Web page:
Standard mode tends a lot towards true-to-life tones, but the phone then loses a lot of color plurality. The sRGB space is barely covered in its entirety when the DCI-P3 is rather poorly managed.
Finally, we recommend that you instead turn to the adaptive default setting or choose saturated mode while incorporating a little more red via the cursor on the palette on the screen.
We find on this smartphone the home interface of Xiaomi: MIUI 12 under Android 10. It is adorned on the one hand for its abundant customizations allowing to refine almost every aspect of the user experience. However, it is also very criticized for its appearance a little clutter, and its philosophy very far from Android as imagined by Google.
Dark mode and gesture navigation are part of the game as is the app drawer which, on the Poco Launcher, cannot be deactivated. However, you can get rid of the sorting of applications by tabs which is offered by default.
However, let us dwell on the fact that the Poco X3 benefits from version 12 of MIUI which is relatively recent. One of the big novelties of this interface is the control center very inspired by what we find on iOS. By default, this is not activated and you will therefore access your notifications and your shortcuts in a classic way for an Android smartphone. However, take a look at the display settings.
There you will find a section “Control Center & Notification Panel”. Inside, the option “Use the new Control Center” therefore allows you to take advantage of the experience recently offered by Xiaomi.
With a swipe of your thumb down on the home screen, you’ll only see your notifications. However, if you start this gesture from the right of the punch – really at the very top – then you will see the Control Center appear, the design of which really has nothing to do with what Android usually offers.
Here you will have access to all the quick settings with very big icons. Four pieces of information are highlighted more than the others via large tiles at the top: mobile data, Wi-Fi connection, Bluetooth, and a flashlight. The experience is interesting and differs a bit from the competition… but not much from the iPhone.
Small frustration: the interface never explains the method to lower the control center, it’s up to you how to do it. Also, it’s quite a shame that you can only lower said Control Center from such a specific part of the screen, but I’m not sure how to get around this restriction.
MIUI 12 also brings the possibility of taking advantage of floating windows. On the Poco X3, the option does exist, but I was not able to activate it at all by following the method indicated by the phone. In my case, I had to show all the open apps, hold down one of them, and hope that the button dedicated to the feature was available.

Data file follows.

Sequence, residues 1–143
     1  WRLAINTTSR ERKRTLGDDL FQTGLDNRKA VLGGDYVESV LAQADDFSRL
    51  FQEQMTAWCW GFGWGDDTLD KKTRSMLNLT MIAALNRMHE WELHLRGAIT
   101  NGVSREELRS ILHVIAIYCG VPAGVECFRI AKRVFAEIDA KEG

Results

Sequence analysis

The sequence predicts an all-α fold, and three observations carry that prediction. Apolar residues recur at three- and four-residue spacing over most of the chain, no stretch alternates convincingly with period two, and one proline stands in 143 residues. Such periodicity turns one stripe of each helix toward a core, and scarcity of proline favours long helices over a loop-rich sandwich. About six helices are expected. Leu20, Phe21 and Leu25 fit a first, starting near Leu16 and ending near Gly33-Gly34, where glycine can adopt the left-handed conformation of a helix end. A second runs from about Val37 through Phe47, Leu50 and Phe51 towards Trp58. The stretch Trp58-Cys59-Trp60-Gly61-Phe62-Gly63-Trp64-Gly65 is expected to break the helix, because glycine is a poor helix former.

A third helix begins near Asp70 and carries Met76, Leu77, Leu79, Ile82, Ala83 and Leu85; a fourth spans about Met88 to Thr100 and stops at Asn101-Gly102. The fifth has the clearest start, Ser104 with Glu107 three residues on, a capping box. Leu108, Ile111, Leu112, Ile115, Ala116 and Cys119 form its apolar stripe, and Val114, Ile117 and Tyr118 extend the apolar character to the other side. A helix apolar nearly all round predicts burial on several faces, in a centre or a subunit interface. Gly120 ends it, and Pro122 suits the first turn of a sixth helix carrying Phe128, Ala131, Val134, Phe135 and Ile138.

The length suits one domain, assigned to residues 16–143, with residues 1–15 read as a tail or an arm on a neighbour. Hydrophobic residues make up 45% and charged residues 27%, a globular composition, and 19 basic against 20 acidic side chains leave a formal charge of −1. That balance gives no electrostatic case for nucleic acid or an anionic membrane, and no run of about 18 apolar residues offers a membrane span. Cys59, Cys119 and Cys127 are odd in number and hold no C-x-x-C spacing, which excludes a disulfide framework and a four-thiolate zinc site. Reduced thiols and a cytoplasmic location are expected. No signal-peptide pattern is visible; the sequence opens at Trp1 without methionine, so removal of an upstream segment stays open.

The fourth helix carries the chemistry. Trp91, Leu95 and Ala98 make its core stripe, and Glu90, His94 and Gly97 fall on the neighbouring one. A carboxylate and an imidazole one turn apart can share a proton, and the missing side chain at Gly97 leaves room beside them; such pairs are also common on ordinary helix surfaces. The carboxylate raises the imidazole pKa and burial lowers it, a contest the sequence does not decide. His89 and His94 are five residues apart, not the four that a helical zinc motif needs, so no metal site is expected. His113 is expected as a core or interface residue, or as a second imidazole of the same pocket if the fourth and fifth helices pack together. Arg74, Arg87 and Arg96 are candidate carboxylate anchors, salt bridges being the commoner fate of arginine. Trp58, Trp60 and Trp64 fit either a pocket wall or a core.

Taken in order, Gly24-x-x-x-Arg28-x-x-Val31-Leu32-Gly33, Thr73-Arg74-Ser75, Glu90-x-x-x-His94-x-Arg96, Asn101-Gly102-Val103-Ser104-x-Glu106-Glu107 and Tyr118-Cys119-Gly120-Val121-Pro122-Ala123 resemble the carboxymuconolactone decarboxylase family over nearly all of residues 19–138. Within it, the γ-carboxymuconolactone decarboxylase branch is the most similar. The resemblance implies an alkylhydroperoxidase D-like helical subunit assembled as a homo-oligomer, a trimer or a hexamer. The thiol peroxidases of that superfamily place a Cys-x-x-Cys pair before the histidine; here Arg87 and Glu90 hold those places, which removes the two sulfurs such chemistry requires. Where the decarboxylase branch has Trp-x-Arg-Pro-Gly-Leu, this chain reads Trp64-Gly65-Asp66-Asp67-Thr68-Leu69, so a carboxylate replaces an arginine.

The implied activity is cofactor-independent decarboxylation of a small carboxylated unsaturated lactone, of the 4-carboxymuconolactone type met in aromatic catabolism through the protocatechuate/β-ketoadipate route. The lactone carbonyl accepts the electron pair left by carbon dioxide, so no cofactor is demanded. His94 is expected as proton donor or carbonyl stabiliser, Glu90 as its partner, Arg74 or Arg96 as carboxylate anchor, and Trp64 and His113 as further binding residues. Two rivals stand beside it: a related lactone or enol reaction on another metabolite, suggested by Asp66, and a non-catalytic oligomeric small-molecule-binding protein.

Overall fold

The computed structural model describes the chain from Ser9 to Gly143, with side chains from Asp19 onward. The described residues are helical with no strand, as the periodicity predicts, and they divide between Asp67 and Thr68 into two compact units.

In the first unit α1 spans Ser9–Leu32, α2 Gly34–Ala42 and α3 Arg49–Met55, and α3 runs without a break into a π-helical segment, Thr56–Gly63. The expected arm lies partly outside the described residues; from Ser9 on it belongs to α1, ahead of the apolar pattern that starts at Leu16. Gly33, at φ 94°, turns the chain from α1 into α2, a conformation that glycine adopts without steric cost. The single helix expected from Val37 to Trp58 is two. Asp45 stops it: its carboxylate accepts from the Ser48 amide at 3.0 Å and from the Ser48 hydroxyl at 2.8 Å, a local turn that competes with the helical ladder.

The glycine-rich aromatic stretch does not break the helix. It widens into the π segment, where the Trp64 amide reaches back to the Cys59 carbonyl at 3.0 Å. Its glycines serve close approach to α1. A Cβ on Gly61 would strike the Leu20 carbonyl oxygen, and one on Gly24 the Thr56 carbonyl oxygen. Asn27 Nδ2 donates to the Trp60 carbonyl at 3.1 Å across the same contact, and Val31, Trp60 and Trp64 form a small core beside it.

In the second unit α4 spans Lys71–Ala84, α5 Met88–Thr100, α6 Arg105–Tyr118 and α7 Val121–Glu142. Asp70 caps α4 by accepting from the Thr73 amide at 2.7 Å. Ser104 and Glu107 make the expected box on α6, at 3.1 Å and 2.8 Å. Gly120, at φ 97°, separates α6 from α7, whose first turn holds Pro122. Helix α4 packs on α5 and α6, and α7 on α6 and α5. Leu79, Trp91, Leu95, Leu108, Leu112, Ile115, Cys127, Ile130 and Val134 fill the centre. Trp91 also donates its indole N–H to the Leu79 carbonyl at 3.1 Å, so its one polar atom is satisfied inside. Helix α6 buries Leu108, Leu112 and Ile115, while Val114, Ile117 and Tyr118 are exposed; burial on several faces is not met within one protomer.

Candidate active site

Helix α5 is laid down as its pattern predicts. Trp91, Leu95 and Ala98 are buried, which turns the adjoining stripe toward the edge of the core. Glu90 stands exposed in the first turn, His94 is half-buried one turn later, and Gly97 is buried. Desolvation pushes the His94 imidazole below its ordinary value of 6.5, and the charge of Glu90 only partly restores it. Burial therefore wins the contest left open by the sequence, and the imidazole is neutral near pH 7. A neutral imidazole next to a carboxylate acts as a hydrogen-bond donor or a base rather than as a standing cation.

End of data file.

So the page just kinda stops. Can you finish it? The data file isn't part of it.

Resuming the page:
By doing so, I could then display the gallery or Google Chrome as a floating window… The option is aptly named here.
Apart from that, it’s no longer a surprise, Xiaomi, despite an MIUI interface that deviates from the vision of the Mountain View giant, puts Google in the spotlight by adopting many of its applications out of the factory. The default Telephone and Messages applications are in particular those of the colossus with four colors and we find on the box of the Poco X3 the mention “with easy access to the Google apps you use the most”. ” With easy access to the Google apps you use the most, ” Molière would have said without anachronism, none.
There is also some usual confusion, unfortunately. To open the camera from the locked screen, the phone indicates to “carry” the icon instead of dragging it. Also, in the settings, it is easy to confuse the options “Full-Screen Mode” and “Full-Screen Display”. Counter-intuitively, the first allows applications to be extended while the second activates navigation by gestures. Reading the option “Application drawer” rather than “Application drawer” also makes me cringe a bit.
However, MIUI remains annoying mainly on two points. On the one hand, the antivirus displaying advertising and which is triggered each time an application is downloaded, even from the Play Store. We don’t want anymore! Fortunately, this option can be disabled. On the other hand, some third-party services are pre-installed without it necessarily being very relevant for the user like eBay or LinkedIn.
As the full name of the device indicates very explicitly, “Xiaomi Poco X3 NFC”, this smartphone takes advantage of near-field communication (NFC), convenient for your mobile payments or to validate transport tickets in urban networks that allow it. On SVoD services like Netflix, HD quality for your videos is normally there since the smartphone benefits from the Widevine L1 DRM (this is the maximum level of security).
The Xiaomi Poco X3 offers good stereo audio quality with its speakers. Enough to benefit from a good spatialization of the sound, but it is also pleasant to see that the listening experience is not really disturbed if, by mistake, you block one of the grilles.